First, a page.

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Here follows the implementation of a test class wrapping a thread with a timer. The strange thing is that if the deadline is set to 500 milliseconds it works but if I set it to 1000 milliseconds it does not. What am I doing wrong?

#include "TestTimer.hpp"
#include "../SysMLmodel/Package1/Package1.hpp"

TestTimer::TestTimer(){
    thread = boost::thread(boost::bind(&TestTimer::classifierBehavior,this));
    timer = new      boost::asio::deadline_timer(service,boost::posix_time::milliseconds(1000));
    timer->async_wait(boost::bind(&TestTimer::timerBehavior, this));


};

TestTimer::~TestTimer(){
}

void TestTimer::classifierBehavior(){
 service.run();
};


void TestTimer::timerBehavior(){
std::cout<<"timerBehavior\r";
timer->expires_at(timer->expires_at() + boost::posix_time::milliseconds(1000));
timer->async_wait(boost::bind(&TestTimer::timerBehavior,this));
}

UPDATE 1 I have noticed that the program stucks (or at least the standard output in the console for many seconds, about 30) then a lot of "timerBehavior" strings are printed out together as if they have been queued somewhere.

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You should make sure, that your service isn't running out of work. There is nothing that prevents the thread to get started first and runs service.run() once. Then after the thread ran out of work, the second line of the TestTimer c'tor gets executed. –  Torsten Robitzki Jul 28 '12 at 11:49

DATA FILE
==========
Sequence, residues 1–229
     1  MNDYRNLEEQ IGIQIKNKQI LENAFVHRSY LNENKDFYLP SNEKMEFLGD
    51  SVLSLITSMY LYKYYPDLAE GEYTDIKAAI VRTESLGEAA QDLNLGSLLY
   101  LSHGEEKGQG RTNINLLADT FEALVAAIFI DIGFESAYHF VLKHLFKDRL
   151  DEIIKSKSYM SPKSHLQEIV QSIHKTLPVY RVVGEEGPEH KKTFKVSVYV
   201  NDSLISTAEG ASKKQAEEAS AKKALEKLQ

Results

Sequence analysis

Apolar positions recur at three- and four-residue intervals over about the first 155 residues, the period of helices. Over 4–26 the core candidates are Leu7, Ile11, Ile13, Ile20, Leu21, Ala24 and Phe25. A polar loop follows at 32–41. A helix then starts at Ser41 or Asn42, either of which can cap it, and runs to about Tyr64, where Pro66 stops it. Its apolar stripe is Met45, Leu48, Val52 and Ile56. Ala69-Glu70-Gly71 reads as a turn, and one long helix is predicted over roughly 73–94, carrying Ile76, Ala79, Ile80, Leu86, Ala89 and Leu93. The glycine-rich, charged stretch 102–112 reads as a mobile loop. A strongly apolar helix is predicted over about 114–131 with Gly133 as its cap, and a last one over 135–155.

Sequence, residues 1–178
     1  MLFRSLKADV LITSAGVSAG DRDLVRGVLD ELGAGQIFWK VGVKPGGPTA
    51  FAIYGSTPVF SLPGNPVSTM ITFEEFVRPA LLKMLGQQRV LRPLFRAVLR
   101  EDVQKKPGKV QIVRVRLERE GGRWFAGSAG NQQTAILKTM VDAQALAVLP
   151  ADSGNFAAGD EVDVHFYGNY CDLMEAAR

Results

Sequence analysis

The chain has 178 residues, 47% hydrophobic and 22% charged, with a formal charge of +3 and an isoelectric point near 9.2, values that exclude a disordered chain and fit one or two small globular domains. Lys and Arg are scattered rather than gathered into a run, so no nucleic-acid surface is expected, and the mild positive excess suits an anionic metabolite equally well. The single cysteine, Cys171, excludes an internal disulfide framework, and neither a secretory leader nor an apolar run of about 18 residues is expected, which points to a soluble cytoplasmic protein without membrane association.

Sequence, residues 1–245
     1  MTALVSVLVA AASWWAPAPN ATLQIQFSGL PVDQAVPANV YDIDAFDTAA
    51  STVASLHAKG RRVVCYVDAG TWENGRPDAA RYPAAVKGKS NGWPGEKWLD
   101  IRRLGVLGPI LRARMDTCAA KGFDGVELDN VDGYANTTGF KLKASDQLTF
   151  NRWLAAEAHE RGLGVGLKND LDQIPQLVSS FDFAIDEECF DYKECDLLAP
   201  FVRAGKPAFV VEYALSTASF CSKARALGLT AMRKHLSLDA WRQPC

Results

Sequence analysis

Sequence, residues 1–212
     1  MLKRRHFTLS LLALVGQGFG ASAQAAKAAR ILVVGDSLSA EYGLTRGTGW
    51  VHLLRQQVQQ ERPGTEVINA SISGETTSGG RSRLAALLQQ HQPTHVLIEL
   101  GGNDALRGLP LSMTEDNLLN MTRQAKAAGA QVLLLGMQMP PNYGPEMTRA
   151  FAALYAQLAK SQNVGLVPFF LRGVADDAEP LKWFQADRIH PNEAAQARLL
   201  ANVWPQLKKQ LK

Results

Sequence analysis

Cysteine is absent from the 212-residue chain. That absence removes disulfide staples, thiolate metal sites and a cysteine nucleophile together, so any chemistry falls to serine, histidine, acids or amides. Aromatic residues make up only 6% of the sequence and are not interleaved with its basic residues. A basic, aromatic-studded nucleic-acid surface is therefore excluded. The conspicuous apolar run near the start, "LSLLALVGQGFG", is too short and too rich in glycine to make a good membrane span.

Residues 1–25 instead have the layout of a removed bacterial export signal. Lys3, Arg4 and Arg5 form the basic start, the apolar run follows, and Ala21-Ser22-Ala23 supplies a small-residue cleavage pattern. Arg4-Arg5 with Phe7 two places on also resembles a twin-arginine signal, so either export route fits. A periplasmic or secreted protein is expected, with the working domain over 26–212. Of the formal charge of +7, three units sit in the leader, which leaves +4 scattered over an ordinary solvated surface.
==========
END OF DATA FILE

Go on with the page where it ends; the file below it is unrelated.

how should I do that? –  Sindico Jul 28 '12 at 12:00
    
@Torsten: I have updated my question with more details. I am using Eclipse with gcc –  Sindico Jul 28 '12 at 12:44

1 Answer 1

up vote 4 down vote accepted

You program might have several problems. From what you have shown, it's hard to say, if the program stops before the timer had a chance to trigger. And, you do not flush your output, use std::endl, if you want to flush the output after a newline. Third, if your thread is going to run the io_service.run() function, it might be that the thread finds an empty io queue and run() will return immediately. To prevent that, there is a work class, that will prevent this. Here is my example, from you code, that might work as expected:

#include <boost/asio.hpp>
#include <boost/thread.hpp>
#include <iostream>

class TestTimer
{
public:
    TestTimer()
        : service()
        , work( service )
        , thread( boost::bind( &TestTimer::classifierBehavior,this ) )
        , timer( service,boost::posix_time::milliseconds( 1000 ) )
    {
        timer.async_wait( boost::bind( &TestTimer::timerBehavior, this ) );
    }

    ~TestTimer()
    {
        thread.join();
    }
private:
    void classifierBehavior()
    {
        service.run();
    }


    void timerBehavior() {
        std::cout << "timerBehavior" << std::endl;
        timer.expires_at( timer.expires_at() + boost::posix_time::milliseconds( 1000 ) );
        timer.async_wait( boost::bind( &TestTimer::timerBehavior,this ) );
    }

    boost::asio::io_service         service;
    boost::asio::io_service::work   work;
    boost::thread                   thread;
    boost::asio::deadline_timer     timer;
};

int main()
{
    TestTimer test;
}
share|improve this answer
    
+1 nice complete answer –  Sam Miller Jul 28 '12 at 16:56

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